In 1829 Santa Anna achieved what some claim was his greatest (and perhaps only) military victory when Spain made its last attempt to regain control of Mexico by invading Tampico. Santa Anna, who was good at stirring up emotions and quickly rounding up an army, led an expedition that defeated the Spanish force. The invading army was suffering from yellow fever, but the defeat was real and Santa Anna emerged as a national hero. Without hesitation, he branded himself “The Victor of Tampico” and “The Savior of the Motherland.” More coups followed, accompanied by presidential exiles and executions, until the new Congress of Mexico elected Santa Anna as president on April 1, 1833. Despite having run as a liberal, within a year Santa Anna claimed that the country was not ready for democracy. He dissolved Congress and centralized power, turning his regime into a dictatorship backed by the military.

Liberals all over Mexico felt betrayed and several states began to defy the new authority including citizens in Texas y Coahuila, which was the northernmost state in Mexico that would eventually become the Republic of Texas. The Texas settlers, who were mostly from the United States, had received generous land grants from the Mexican government and were demanding more fair treatment and the return to the original liberal terms they had received during colonization. Several open rebellions occurred along the Texas coast, at Nacogdoches, and finally at Goliad.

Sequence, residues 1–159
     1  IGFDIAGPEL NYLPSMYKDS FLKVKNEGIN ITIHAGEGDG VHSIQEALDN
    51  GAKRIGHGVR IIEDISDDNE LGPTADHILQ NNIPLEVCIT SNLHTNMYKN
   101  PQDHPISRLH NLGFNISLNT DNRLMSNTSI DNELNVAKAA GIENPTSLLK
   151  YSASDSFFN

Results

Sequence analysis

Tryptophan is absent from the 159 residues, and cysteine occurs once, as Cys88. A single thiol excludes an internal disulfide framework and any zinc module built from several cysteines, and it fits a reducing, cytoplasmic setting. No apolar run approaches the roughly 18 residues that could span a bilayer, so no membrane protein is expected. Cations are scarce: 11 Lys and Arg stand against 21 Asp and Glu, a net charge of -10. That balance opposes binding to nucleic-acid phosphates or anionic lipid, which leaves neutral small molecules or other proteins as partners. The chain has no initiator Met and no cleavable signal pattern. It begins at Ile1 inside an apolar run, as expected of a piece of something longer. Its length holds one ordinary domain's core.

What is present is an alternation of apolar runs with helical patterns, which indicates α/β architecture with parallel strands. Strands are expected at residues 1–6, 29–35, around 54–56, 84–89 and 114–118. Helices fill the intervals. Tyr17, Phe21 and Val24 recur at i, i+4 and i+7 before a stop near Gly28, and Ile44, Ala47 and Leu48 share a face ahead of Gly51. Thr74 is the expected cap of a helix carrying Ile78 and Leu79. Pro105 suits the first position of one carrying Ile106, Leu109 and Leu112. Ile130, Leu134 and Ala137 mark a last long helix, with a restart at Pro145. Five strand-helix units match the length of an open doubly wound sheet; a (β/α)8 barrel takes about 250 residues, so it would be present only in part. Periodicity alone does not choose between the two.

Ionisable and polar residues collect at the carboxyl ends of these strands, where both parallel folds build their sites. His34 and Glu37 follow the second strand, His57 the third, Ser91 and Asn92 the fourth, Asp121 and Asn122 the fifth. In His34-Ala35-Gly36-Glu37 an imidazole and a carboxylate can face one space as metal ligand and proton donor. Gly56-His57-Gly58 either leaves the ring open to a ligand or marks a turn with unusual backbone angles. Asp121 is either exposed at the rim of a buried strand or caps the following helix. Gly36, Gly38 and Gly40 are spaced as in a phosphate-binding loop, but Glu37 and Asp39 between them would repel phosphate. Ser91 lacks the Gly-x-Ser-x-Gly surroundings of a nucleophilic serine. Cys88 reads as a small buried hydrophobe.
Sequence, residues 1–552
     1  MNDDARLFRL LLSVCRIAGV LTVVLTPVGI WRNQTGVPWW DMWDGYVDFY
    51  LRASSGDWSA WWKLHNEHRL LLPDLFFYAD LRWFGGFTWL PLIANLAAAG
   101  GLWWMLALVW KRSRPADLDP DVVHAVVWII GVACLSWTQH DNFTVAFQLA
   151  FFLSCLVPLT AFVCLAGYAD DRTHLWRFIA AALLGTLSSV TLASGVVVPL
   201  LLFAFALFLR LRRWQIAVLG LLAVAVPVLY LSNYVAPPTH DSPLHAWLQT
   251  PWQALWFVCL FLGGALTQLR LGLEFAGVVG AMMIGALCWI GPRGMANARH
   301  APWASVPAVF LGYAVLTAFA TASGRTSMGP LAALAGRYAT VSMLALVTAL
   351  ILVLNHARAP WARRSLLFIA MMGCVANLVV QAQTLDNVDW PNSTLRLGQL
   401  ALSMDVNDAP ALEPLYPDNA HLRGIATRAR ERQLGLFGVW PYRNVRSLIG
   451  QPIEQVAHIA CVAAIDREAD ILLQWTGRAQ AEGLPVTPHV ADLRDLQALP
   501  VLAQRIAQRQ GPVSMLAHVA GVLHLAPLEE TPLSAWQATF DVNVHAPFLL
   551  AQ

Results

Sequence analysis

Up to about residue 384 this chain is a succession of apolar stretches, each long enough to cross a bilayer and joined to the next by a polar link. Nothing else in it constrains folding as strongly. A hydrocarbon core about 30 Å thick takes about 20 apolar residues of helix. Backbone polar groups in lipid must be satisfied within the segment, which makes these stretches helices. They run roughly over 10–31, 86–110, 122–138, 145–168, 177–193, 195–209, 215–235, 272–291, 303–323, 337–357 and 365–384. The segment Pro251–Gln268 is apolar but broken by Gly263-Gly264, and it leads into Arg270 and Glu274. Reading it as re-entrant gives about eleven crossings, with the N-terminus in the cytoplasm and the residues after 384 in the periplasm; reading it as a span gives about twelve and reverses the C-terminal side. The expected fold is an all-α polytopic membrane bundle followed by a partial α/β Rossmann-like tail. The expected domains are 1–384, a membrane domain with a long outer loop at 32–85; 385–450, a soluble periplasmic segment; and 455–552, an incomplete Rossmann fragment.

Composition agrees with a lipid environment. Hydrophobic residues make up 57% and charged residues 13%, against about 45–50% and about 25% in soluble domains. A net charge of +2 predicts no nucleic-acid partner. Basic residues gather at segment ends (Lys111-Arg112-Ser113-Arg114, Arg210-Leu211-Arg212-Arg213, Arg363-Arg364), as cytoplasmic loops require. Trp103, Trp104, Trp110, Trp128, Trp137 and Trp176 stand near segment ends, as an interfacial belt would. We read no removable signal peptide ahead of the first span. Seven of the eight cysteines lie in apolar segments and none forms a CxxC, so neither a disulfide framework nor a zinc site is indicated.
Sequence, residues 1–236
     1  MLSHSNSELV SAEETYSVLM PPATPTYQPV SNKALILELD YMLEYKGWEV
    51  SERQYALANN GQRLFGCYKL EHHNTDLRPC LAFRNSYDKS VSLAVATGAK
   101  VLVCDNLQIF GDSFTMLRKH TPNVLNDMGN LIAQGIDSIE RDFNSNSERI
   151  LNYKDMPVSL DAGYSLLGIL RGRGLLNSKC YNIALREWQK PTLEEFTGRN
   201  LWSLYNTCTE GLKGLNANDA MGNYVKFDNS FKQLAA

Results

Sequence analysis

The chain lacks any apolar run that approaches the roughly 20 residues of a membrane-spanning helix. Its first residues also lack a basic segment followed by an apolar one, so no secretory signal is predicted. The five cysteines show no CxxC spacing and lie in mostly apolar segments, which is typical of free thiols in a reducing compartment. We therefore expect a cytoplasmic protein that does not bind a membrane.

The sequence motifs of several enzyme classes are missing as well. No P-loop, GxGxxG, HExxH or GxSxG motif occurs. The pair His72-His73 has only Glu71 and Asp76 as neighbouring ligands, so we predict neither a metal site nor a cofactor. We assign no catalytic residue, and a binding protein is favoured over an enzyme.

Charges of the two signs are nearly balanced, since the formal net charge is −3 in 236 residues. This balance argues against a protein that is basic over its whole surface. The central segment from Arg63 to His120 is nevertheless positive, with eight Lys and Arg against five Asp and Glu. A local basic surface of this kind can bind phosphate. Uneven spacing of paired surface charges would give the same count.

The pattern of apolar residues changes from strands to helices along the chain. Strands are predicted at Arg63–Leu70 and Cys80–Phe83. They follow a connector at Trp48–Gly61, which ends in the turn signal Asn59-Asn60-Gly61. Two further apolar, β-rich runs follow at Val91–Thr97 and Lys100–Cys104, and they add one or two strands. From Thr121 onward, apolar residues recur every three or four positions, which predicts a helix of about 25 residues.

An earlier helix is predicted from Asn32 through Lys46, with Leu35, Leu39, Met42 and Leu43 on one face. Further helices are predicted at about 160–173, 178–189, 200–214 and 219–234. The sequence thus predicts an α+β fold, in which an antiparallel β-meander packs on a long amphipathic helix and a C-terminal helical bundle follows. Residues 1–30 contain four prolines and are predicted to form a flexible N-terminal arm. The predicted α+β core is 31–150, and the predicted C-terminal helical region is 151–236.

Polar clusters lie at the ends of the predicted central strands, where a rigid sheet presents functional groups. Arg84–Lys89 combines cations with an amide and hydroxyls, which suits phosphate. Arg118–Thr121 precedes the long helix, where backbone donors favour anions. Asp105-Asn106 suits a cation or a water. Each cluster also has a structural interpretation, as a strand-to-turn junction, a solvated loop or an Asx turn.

When citizens in Zacatecas also rose up in December 1835 in defiance of Santa Anna’s new authority, he moved quickly to crush the resistance and allowed his army to loot the town for forty-eight hours. Then he marched his army at top speed through winter cold to San Antonio where he raised the red flag of no quarter and demanded the surrender of the Texans, whom he called “land thieves.” The thirteen-day siege ended with the killing of all the inhabitants of the Alamo fortress except for some women, children, and slaves. The next demonstration of his intent to dominate the rebellious citizens occurred at Goliad when he ordered the execution of over 300 captives who had surrendered on the battlefield to General Urrea.  Despite Urrea’s letter requesting that the honorable surrender be recognized, Santa Anna sent word that they should be executed as pirates. On the morning of March 27, 1836, the prisoners who could walk, were marched in several groups away from the Goliad fort and shot. Those who had been injured in the battle were killed inside the compound. When word spread of the Massacre at Goliad, people who had thought of Santa Anna as cunning and crafty, realized that he was indeed cruel and the realization fueled an infusion of volunteers from the United States to help the Texans fight for independence.